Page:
Contraception In Ancient Times: Use of Morning-After Pill

Contraception In The Ancient World

| May/June 2000

Editor’s note: This article is a historical overview, and the information provided is not intended for self-treatment. The herbs discussed may be toxic. Please do not try them yourself. 

A 2,500-year-old Cyrenian coin bears a puzzling image. A regal woman sits on a chair, touching a plant with one hand. Her other hand points to her genitals. To the uninitiated, the meaning of the picture might range from the ­unfathomable to the slightly kinky. To the ancient peoples who circulated this coin in their daily commerce, the images were crystal clear. The plant, called silphion by the Greeks and silphium by the Romans, was one of the most valuable in the ancient world; it was an herbal morning-after pill, readily available to our ancestors a hundred generations ago.

Fact or Legend?

Myths, legends, hearsay, and ancient texts are not the only evidence that people were regulating births in the ancient world. Historical demographic studies ­indicate that during the first five centuries a.d.—a period of few wars or major ­epidemics—the population of the Roman Empire declined, while at the same time life expectancy increased. Attempts to ­attribute the decline to infanticide have not been supported by skeletal evidence, which shows fewer children being born to each woman.

Were the herbal contraceptives and early term abortifacients responsible? For centuries historians paid little attention to ancient accounts of plants possessing birth-control properties, referring to them as “ineffectual potions.” Modern laboratory analyses, however, suggest that the plants used in these potions were effective and that ancient women probably had more control over their reproductive lives than previously thought.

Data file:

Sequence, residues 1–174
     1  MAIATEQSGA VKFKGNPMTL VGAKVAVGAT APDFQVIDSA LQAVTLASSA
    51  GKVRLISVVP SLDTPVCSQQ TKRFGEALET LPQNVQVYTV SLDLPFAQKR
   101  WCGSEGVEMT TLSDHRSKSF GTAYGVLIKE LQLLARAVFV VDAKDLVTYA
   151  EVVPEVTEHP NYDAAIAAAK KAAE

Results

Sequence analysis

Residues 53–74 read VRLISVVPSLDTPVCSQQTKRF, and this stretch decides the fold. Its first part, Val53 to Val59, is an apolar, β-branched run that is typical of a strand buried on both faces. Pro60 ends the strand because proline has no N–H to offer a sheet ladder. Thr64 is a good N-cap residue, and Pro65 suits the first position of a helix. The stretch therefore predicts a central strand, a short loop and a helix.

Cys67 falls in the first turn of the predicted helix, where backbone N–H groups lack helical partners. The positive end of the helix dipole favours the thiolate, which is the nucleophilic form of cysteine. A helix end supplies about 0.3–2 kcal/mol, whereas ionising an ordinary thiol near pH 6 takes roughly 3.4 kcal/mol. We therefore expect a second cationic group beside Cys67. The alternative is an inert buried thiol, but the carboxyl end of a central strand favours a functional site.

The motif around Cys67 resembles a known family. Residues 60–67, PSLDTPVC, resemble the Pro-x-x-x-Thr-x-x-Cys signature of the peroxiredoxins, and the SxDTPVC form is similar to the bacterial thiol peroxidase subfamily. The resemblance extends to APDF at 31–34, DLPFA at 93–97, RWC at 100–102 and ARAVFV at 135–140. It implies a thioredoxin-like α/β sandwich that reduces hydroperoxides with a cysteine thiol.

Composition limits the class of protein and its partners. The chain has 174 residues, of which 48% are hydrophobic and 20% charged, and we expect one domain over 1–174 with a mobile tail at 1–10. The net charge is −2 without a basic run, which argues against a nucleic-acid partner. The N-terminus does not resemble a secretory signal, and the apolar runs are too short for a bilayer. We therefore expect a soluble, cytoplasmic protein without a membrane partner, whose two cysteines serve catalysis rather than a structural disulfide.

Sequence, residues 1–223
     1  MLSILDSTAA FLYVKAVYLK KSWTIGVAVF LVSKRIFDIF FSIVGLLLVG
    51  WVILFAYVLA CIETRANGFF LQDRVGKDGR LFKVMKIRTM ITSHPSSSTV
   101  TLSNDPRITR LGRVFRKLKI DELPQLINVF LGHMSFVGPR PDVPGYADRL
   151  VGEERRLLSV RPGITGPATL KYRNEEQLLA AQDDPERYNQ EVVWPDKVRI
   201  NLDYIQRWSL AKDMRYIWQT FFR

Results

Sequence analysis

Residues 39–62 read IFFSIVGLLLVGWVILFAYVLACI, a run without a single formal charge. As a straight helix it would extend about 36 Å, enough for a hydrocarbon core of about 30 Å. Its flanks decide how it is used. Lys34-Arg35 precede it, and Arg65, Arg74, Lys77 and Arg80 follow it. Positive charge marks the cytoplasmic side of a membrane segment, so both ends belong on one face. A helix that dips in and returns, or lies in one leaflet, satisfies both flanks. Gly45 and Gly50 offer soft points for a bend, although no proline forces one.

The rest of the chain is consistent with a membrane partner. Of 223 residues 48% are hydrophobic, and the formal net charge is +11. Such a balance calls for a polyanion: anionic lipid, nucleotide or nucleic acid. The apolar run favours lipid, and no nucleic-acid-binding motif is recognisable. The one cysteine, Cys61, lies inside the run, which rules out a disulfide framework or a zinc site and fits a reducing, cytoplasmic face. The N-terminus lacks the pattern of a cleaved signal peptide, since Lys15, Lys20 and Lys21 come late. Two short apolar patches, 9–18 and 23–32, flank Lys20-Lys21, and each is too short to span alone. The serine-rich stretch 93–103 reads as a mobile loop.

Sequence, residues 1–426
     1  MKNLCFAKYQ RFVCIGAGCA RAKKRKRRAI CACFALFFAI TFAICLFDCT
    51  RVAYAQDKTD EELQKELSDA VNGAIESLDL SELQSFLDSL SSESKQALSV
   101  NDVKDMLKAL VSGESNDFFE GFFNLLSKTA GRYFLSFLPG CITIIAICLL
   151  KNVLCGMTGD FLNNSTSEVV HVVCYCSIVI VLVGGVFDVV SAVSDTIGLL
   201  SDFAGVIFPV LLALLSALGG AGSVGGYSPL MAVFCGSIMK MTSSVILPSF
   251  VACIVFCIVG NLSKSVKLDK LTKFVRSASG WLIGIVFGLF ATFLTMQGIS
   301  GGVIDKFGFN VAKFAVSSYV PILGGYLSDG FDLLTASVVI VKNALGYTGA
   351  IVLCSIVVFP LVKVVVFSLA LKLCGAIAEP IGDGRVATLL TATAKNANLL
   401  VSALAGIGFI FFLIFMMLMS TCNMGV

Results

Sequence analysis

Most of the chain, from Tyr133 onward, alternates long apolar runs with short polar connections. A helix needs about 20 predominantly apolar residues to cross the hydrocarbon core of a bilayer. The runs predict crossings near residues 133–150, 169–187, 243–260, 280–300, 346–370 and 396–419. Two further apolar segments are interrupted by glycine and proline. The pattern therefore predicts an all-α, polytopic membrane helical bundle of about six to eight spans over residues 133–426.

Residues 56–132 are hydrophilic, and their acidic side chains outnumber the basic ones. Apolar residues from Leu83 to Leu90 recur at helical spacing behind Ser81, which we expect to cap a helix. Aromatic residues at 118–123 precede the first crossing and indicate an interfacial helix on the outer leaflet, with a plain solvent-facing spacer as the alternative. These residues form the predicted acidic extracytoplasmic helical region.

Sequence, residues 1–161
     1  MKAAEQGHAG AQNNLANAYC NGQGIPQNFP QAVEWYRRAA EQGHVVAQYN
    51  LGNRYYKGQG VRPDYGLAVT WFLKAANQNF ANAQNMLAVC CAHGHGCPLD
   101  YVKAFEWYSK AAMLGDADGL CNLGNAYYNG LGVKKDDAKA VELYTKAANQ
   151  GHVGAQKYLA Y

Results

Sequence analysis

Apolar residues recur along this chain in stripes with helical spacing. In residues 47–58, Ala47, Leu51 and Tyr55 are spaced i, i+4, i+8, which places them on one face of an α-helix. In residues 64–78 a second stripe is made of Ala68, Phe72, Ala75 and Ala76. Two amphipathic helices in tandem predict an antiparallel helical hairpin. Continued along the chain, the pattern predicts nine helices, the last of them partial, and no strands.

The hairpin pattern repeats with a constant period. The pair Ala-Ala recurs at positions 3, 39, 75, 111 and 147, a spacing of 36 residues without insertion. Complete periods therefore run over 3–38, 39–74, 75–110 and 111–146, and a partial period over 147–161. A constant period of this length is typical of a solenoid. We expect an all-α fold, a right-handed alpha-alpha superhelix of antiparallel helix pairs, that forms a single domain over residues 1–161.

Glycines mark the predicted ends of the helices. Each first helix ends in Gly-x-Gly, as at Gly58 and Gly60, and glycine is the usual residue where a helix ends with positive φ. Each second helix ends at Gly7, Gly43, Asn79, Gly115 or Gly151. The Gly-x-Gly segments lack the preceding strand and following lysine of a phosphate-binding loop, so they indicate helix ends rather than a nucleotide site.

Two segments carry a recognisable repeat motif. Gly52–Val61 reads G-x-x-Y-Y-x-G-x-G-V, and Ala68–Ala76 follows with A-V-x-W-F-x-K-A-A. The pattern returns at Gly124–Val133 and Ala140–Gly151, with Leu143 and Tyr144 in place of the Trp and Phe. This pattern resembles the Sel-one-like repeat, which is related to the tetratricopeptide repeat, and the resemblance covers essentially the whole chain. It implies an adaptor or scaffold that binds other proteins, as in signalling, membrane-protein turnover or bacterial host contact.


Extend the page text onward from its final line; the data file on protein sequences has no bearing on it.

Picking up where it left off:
What the Research Shows:

Silphium, which is now extinct, cannot be tested. But experiments using crude extracts of a widely used substitute and silphium relative asafoetida, showed that it ­inhibited implantation of fertilized ova in rats at rates of up to 50 percent. Extracts of asafoetida’s close relatives were nearly 100 percent effective in preventing pregnancy when given within three days of mating.

Studies on other historically cited contraceptive herbs have produced similar ­results. In 1986, research showed that compounds in Queen Anne’s lace blocked the production of progesterone, which is necessary to prepare the uterus for a ­fertilized ovum. According to historian John M. Riddle in his book Eve’s Herbs (Harvard University, 1997), women in both rural North Carolina and Rajasthan, India, use the seeds to prevent pregnancy.

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